# Covariance structure of call option surface

Assume the observed call option prices $C(K_i,T_i)$ for $i = 1,\dots,N$ are disturbed by some unknown measurement noise $\epsilon$. What would an appropriate covariance structure be for $\epsilon$?

In literature I often see authors making the simplified assumption that $\epsilon_i$ are independent and identically distributed Gaussian with some scaling variance that could depend on for example the bid-ask spread. This seems very unreasonable since if one considers two options $C(K,T)$ and $C(K + \delta,T)$ then in the limit $\delta \to 0$ they should be perfectly correlated.

Has anyone read any literature that discusses these types of modelling choices in more detail?

• Why does your argument about limit contradict independent and identically distributed gaussians. Also remember for models one usual looks for simplicity mathematically if the simplicity is justified or the alteration is not a sensitive aspect of the reality so I think you want to ask if this assumption, though most likely isn't true, affects the outcome drastically or not – Kamster Apr 5 '15 at 11:10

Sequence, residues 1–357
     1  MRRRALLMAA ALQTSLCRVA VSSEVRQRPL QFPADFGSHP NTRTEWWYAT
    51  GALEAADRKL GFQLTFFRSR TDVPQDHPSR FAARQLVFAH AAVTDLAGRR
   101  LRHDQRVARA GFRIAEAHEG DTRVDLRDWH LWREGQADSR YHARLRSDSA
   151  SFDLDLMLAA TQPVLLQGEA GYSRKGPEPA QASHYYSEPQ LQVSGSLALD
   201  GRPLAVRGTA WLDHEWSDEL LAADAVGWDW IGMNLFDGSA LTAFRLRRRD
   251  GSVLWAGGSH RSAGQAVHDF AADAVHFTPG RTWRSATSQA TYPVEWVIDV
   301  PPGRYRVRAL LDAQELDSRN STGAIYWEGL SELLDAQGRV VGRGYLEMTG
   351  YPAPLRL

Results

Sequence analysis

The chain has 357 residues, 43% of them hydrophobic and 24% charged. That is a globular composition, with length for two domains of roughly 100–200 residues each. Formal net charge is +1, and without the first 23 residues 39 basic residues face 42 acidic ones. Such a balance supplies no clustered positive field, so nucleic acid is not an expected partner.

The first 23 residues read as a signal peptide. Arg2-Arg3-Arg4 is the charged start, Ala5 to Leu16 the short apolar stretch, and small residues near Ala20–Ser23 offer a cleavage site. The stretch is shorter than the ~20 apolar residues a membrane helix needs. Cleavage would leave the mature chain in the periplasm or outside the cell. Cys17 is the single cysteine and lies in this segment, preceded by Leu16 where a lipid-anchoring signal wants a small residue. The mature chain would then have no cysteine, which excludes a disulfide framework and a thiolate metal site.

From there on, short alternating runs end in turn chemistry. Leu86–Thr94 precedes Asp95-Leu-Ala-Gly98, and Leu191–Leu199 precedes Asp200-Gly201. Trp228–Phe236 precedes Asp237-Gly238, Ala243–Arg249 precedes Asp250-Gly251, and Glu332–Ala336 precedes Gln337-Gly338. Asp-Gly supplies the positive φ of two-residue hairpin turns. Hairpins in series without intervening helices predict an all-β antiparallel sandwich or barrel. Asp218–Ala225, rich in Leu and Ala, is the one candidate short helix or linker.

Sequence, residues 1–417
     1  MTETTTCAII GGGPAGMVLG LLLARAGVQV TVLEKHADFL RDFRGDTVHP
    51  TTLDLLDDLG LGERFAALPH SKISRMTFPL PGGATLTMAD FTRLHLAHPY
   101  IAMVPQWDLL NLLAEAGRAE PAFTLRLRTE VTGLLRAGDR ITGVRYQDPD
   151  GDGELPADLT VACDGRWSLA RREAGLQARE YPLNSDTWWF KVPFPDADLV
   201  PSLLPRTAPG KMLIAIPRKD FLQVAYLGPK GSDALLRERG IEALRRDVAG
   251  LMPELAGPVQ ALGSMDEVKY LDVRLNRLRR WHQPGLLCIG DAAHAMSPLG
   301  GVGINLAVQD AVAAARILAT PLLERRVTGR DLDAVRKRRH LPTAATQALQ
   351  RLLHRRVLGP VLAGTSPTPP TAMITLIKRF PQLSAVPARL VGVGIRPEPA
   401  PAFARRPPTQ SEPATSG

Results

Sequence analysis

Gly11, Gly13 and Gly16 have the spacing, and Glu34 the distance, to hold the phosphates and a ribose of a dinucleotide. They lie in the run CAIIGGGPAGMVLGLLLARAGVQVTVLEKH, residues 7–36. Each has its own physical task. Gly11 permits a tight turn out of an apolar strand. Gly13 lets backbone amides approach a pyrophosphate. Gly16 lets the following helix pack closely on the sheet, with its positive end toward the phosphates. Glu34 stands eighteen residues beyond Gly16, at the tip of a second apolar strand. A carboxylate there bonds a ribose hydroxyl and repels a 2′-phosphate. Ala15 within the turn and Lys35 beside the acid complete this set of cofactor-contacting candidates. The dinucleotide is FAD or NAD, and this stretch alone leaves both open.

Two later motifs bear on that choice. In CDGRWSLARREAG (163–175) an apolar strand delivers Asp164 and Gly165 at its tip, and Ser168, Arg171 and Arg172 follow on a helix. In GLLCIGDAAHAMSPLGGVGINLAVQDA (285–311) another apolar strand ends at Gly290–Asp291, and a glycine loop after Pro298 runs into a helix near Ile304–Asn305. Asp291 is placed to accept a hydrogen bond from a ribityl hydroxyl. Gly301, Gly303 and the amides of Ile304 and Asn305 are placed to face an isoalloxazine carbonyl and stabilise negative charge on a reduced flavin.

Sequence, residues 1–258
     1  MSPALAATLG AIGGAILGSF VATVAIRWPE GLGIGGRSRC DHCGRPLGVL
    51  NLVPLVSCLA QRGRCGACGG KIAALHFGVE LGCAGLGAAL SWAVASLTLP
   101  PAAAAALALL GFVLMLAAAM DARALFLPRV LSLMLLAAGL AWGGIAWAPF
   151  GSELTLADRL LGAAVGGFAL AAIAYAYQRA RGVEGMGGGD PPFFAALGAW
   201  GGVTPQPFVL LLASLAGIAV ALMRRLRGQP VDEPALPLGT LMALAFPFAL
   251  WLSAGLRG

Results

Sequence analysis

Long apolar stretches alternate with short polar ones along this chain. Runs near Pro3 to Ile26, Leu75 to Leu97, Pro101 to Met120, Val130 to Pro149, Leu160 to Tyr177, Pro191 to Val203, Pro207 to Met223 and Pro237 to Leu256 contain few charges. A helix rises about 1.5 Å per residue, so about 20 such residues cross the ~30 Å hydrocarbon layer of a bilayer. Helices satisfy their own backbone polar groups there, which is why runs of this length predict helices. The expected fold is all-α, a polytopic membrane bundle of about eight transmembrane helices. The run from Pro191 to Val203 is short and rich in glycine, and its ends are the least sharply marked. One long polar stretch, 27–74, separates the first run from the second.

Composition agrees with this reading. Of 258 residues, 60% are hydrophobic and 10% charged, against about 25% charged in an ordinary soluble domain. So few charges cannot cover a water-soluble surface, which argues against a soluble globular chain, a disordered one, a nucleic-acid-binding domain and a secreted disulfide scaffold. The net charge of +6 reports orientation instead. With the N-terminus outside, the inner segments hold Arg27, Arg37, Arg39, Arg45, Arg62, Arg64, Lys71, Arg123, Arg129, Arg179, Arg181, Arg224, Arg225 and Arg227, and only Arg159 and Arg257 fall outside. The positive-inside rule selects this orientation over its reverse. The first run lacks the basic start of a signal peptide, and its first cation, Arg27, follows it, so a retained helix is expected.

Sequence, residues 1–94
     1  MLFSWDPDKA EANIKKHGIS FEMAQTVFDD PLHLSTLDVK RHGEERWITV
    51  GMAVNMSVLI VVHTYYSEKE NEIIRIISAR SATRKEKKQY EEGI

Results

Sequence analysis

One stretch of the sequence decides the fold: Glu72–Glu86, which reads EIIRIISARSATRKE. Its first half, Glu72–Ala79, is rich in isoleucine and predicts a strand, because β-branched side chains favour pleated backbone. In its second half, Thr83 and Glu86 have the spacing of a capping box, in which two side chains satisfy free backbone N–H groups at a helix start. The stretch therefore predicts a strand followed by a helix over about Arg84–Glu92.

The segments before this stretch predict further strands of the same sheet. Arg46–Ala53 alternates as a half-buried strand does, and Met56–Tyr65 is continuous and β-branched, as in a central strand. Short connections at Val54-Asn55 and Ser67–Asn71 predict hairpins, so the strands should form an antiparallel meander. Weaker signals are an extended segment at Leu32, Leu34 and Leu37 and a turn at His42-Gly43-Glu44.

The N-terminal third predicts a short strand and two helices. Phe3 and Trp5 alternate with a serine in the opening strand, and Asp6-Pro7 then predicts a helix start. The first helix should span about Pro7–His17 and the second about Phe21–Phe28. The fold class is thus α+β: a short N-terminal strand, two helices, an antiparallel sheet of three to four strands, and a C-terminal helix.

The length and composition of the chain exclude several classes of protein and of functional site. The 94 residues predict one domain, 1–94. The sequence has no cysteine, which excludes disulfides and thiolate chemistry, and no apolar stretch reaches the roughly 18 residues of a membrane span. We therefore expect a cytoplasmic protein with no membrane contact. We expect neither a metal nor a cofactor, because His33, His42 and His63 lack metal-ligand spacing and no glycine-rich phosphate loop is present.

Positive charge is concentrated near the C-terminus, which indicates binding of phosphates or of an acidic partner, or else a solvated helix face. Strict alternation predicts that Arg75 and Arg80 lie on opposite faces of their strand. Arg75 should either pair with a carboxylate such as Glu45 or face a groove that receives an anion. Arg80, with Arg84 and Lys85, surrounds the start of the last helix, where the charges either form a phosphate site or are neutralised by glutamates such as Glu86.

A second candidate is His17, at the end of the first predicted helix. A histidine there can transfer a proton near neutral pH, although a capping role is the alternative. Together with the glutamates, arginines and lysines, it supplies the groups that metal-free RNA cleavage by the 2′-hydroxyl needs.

• Well there should not be any arbitrage, so if $\delta$ is arbitrarily small $C(K,T)$ and $C(K+\delta,T)$ should not differ too much. – Lotus3000 Apr 5 '15 at 13:32
• I don't think your comment about the limit makes any sense. In an idealized world yes, the two options would converge because of no arbitrage. But if the world was ideal then you wouldn't need to model any error at all because everyone would be trading on Black Scholes prices. – analystic Apr 6 '15 at 8:40

Most practitioners think of option prices in terms of implied volatility. It is easier to interpret and to model. One can consider the implied volatility surface as a random field : $\Sigma : \Omega \times \mathbb{R}_+ \times \mathbb{R}_+ \to \mathbb{R}_+$ and apply PCA. The first 3 eigenmodes correspond to absolute level (ATM vol), slope in the strike direction (skew) and curvature in strike direction (smile). See Dynamic of the implied volatility surface by Cont & de Fonseca. Considering pertubation of the coefficients of the modes by a Gaussian noise and then applying the BS formula probably gives you a more realistic and insightful pertubation of the option prices than trying to model directly the movements of the prices.